dearanonymousfriend

Ramblings from a would be writer

Aunt Beulah’s Fox Stoles…

Last night while not being able to go to sleep, I thought of my Aunt Beulah.  Yes, I actually did have an Aunt Beulah.  Why anyone would name a young girl Beulah is beyond me, but, I digress.

Aunt Beulah was not a warm and fuzzy aunt.  You did not run to her with open arms to get a big hug.  She was married to my father’s older brother.  She had an air about her that did not belong in Oil City, PA.  She was restricted, I mean refined (?).  She was aloof.  At least that is what I think of when I think of her.

She had a pinched look on her face and that caused these little lines to form all around her mouth.  A few years ago, I noticed I had lines around my mouth.  I almost screamed aloud, “Oh no!  Aunt Beulah lines!”.  Instead, I slathered lotion around my mouth and spent the next few days constantly smiling, hoping those lines would disappear.

Now, I have painted a certain picture of my aunt.  I know we spent a lot of time at her house, especially after my mom died.  I don’t know if she felt sorry for us poor motherless waifs, or what, but I do remember being at her house often.  She would use scissors to cut up nice pieces of meat for her dachshund, Wrinkles, who would yap and snap at your heels constantly.  A very unpleasant dog.    My dad often commented that Wrinkles ate better than his brother.

Again, the memories are most likely not accurate because, we did visit often there.  I remember holiday meals at her house.  Not the food actually, but, doing dishes.  My sisters and I, the poor motherless waifs!  We would spend hours doing dishes.  At least that is what it seemed like.  I am certain she used every dish in her china cabinet.  We washed, we dried, we put them away in their sleeves in these quilted dish holders.  They would then go into a box and then into the china cabinet.  Those dishes were so protected that I think World War III could start in the china cabinet and those dishes would be unscathed.

But, what made all these memories come forward was the thought of Aunt Beulah’s upstairs closet in her sewing room.  It was a small closet, and inside was nothing but fur coats and fox stoles.  You know those stoles that women used to wear over the collars of their winter coats?  They had little fox heads that were actually clips to hold the stole together.  My sisters and I would go into that closet to ‘pet’ the furs.  We would eventually take each of those clips and clip each of the stoles together.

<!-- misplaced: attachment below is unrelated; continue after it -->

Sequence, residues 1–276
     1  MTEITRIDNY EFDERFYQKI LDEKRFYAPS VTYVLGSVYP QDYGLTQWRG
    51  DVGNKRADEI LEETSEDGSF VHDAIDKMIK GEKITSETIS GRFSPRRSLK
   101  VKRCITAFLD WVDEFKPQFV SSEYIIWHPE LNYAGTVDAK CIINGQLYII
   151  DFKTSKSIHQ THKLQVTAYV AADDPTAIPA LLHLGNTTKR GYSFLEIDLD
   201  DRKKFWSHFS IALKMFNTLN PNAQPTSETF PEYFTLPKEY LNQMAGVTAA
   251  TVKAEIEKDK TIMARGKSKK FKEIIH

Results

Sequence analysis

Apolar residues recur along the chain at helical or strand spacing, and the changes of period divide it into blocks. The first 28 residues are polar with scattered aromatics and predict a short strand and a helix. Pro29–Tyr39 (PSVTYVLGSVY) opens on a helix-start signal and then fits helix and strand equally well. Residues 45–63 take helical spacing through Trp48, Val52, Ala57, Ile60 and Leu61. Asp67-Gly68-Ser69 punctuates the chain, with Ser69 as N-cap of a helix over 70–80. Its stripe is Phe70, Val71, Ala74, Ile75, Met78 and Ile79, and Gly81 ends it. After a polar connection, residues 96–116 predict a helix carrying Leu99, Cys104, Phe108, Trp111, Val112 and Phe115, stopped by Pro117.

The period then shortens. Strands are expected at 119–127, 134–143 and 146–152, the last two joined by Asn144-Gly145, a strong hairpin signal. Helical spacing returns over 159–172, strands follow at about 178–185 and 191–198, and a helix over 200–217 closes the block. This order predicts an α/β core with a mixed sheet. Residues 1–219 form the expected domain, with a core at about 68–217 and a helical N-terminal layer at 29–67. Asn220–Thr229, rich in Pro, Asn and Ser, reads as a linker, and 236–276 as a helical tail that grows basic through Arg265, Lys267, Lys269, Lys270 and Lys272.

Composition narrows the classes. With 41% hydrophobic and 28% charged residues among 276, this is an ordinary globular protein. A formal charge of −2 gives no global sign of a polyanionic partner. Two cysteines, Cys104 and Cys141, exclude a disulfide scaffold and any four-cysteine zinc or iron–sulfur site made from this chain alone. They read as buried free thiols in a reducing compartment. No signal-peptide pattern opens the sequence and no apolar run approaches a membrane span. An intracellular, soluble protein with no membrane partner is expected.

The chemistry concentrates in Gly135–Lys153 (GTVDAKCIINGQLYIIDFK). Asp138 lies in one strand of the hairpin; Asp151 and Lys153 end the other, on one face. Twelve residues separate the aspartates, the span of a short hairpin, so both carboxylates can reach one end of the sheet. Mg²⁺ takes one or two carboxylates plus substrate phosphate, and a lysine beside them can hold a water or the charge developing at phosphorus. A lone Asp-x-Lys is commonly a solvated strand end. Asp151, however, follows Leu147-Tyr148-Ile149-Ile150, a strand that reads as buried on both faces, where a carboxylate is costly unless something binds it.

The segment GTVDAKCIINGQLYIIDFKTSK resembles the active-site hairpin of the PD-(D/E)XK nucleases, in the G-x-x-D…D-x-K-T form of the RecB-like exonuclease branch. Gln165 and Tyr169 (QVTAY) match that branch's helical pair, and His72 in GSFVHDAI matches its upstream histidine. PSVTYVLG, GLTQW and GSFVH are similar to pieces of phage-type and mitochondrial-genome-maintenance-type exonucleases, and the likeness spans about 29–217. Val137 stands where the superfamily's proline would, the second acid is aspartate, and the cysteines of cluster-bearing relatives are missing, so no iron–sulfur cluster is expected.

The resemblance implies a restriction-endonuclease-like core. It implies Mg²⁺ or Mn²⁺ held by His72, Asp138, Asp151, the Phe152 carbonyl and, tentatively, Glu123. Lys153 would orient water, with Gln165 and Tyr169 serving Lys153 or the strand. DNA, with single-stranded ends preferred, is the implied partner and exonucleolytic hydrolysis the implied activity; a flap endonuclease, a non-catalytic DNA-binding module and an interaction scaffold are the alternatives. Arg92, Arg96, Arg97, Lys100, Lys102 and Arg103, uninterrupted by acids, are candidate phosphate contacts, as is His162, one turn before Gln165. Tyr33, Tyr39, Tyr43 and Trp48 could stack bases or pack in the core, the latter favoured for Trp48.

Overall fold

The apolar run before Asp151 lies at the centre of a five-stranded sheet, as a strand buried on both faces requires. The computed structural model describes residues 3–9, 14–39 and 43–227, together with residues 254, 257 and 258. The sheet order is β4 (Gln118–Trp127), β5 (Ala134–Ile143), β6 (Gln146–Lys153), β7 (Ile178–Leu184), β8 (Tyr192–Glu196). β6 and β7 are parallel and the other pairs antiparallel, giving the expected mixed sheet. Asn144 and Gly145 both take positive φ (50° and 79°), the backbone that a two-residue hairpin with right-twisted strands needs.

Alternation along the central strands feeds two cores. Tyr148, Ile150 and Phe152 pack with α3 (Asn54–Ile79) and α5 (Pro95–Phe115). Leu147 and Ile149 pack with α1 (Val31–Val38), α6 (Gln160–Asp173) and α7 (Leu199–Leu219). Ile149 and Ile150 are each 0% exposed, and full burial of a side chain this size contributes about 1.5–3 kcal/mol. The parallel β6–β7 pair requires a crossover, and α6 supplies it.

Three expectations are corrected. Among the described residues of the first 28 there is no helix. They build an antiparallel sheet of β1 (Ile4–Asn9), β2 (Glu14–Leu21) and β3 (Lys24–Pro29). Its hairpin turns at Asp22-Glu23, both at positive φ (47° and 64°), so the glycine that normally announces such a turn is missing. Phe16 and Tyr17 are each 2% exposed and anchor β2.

This is what my initial thought of Aunt Beulah was last night.  I saw her in a last-minute rush going into that closet to grab a stole and head to Mass.  Grabbing one, a dozen came out, I am certain.  I can just hear her, in my mind cursing those poor motherless waifs for connecting her stoles while she was trying to get to church.

It’s amazing where your mind wanders in the middle of the night, isn’t it?

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Family…

A couple of days ago, I had this thought go through my mind.  It was my nephew’s birthday and I was thinking how much I missed him and wished I could just sit and visit with him for a few hours.

I thought about how I should write about family.  Then I didn’t write anything.

Today my cousin shared a photo on Facebook of my mother’s family.  It was a memory that was shared and I looked over all the original comments and read the new ones.  There was a theme across the comments, that all wished we had known them better.

This is what I thought to write about earlier this week.  How, as families, we don’t take the time to learn, listen and get to know one another.

When I start to think about such things there is a hurt in my heart.  It is like being homesick for something unknown.  A hurting to reach out and hug or touch or laugh with someone who is no longer near or close.

I married young.  I lived overseas.  Phone calls were expensive and you just didn’t call.  Letters helped, but those only went so far.  You can write so many pages and then your hand dies, the writing goes weird and you give up.    I can remember writing letters to my aunts and uncles, not often , but through different seasons.  I corresponded with one of my mother’s brothers for several years until he passed.  I got a glimpse into his personality and a bit of what he thought about.  I always looked forward to those letters.  And, then, they were gone.

Another nephew’s birthday is tomorrow.  He is the oldest of the next generation.  I was living overseas when he was born.  I didn’t get the birth announcement until he was almost a month old.  I bonded with him immediately.  My heart sang whenever I would receive a new photo of him.  I didn’t get to see him until he was almost four.

I didn’t get to see my nieces or nephews often.  Living on the west coast prevented us from just dropping in for a visit.  I look back with regret that I didn’t get to see them.  I didn’t get to see school plays or see how they were growing.  But, likewise, they did not get to know me or their cousins, my daughters.

It is true, that military families make their own ‘families’ and this is a huge comfort and help.  I could not manage without my family that are not related through blood.  They have shared in life events that my blood family could not be present for. But, that is another post.

This post is for my family, my sisters, my brother-in-laws, my nephews and my nieces.  I want them to know that with all my heart, I love you.  You have each etched deep within my heart, your own place.  These are the places I hold dear.  They are filled with conversations we have had.  They are filled with photos of your life that you have posted or shared, or on that rare occasion, I have seen.  We may not know everything about each other, but that does not matter.  For, you are my family.  You are my blood relations.  You will always be in my heart, my thoughts and prayers.  I am proud of you.  Your accomplishments make me beam.  Your sorrows prick my heart and I hurt for you.  Your laughter makes me laugh.